Chicken tagine with oranges and olives

Prep 15 min
Total 30 min
Makes 4 Servings



skinless, boneless chicken thighs
2 tsp
1 tbsp
onion, sliced
1 tbsp
finely grated fresh ginger
garlic cloves, minced
preserved orange peel, about 1/2 preserved orange, sliced
1/4 cup
green olives, pitted and sliced


medium oranges, divided
1/2 cup
kosher salt


  • Heat a large non-stick frying pan over medium-high. Sprinkle chicken thighs with cumin. Add oil to pan, then chicken. Cook until dark golden, about 3 min per side. Remove to a bowl. Reduce heat to medium. Add onion, ginger, garlic, bay leaves, cinnamon stick, preserved peel and broth. When mixture starts to boil, return chicken and any juices to pan along with olives. Simmer, covered, turning chicken halfway through, until flavours develop, about 15 min. Remove and discard cinnamon stick and bay leaves before serving.

To Make Preserved Oranges:

Scrub oranges under running water with a stiff vegetable brush to remove any waxy coating. Trim off and discard stem ends. Quarter oranges lengthwise.

Coat wedges with salt, then pack into a 1-L jar with a lid. Press oranges very firmly into the jar to get the juices flowing.  Add remaining salt and the fresh-squeezed juice from 1 orange to cover. Cover jar with a piece of plastic wrap and secure lid. Refrigerate.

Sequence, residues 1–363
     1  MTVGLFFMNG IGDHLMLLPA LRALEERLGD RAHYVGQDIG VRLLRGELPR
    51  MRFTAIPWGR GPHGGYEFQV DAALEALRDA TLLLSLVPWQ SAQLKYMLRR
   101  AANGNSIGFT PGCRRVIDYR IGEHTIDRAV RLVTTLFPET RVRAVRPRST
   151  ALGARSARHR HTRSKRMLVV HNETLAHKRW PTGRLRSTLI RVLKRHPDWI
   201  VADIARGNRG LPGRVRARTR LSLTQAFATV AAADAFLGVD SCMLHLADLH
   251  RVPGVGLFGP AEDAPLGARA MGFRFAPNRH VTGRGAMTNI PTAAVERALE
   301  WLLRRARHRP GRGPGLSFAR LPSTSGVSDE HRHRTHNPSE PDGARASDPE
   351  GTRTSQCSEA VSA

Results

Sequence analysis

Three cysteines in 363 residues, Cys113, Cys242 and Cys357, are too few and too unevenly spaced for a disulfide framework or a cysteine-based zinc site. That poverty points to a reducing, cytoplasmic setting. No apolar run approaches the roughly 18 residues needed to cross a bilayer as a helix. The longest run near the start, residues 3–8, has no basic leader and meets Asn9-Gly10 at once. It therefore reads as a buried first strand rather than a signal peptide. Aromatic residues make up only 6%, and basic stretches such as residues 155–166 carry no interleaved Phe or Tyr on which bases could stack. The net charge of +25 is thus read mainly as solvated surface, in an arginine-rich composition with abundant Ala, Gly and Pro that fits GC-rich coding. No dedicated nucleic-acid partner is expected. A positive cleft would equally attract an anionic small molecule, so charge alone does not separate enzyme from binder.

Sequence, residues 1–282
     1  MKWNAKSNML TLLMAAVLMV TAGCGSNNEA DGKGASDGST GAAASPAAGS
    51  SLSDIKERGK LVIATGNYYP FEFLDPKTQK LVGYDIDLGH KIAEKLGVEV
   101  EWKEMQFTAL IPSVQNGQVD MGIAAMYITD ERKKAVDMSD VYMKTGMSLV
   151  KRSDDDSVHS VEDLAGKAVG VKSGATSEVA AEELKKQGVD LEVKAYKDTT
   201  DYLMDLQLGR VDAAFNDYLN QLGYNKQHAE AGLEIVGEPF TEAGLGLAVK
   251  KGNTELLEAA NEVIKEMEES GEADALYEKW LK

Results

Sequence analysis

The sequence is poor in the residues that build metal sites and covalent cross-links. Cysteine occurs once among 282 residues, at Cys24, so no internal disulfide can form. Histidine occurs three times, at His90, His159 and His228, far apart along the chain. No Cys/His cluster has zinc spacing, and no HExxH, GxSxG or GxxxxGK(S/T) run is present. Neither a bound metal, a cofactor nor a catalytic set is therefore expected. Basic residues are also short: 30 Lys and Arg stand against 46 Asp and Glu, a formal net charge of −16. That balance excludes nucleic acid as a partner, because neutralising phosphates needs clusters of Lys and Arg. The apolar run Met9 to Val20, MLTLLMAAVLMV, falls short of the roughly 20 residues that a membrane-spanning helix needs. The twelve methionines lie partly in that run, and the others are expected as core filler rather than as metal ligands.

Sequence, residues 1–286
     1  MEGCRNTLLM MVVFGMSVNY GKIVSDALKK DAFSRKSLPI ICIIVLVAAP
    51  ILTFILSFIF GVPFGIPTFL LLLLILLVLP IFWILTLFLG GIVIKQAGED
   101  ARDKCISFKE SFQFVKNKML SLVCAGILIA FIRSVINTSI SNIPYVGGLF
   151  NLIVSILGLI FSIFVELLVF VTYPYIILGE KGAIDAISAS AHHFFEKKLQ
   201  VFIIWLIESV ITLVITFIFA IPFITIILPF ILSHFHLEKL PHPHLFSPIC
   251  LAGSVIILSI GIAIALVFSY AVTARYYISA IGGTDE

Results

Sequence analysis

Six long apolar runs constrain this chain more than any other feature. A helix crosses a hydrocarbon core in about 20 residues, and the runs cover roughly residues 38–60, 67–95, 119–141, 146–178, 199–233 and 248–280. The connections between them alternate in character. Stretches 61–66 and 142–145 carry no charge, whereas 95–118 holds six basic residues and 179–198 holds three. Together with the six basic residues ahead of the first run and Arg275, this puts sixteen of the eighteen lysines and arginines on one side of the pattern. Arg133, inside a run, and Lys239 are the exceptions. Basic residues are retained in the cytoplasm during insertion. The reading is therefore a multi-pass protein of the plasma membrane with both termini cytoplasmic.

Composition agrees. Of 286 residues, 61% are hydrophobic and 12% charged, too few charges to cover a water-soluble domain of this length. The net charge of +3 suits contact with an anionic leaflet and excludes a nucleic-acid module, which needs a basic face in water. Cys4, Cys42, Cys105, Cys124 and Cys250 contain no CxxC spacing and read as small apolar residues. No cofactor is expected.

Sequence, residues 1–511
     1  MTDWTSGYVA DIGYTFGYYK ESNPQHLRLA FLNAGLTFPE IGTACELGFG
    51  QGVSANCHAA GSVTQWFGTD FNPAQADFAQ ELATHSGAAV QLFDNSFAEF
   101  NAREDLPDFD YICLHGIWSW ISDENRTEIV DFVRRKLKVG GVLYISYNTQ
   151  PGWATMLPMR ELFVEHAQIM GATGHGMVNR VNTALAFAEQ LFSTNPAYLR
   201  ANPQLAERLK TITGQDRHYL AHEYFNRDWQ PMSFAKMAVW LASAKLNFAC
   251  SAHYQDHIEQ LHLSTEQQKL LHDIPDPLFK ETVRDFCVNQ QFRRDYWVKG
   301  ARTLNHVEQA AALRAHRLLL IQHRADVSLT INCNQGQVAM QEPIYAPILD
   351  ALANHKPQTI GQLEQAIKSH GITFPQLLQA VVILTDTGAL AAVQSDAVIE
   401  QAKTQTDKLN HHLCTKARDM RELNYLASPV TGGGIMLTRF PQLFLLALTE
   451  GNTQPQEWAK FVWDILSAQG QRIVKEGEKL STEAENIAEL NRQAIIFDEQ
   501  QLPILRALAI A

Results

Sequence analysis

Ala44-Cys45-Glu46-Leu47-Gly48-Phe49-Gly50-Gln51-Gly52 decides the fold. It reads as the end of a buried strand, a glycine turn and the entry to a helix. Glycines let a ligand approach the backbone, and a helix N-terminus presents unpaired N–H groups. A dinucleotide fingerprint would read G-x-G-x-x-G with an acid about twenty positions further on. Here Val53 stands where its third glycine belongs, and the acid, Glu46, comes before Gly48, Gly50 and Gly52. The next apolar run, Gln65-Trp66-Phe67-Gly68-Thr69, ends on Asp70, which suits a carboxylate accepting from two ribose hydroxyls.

Turn and gently shake jar once a day. After 1 week, oranges will be soft and ready to use. They’ll continue to develop flavour. Keep refrigerated up to 6 months.

To use, remove and discard pith and pulp using a small sharp knife. Rinse peel well to remove excess salt. Slice or dice peel. Oranges become saltier the longer they sit. Adjust the amount of peel used in recipes below accordingly.

makes 1L


Calories 215, Protein 23 g, Carbohydrates 6 g, Fat 11 g, Fibre 2 g, Sodium 976 mg.

Wine Pairings

Viognier has the oomph to stand up to richly flavoured main courses. Its hint of sweetness amps up the intensity of Chicken Tajine with Oranges & Olives or of Lemony Spaghetti with Shrimp & Basil. A break-the-bank French viognier from Condrieu is a worthy splurge for any white-wine lover, but British Columbia, Australia and South America offer affordable options. Anakena Single Vineyard Viognier, Chile, $16.

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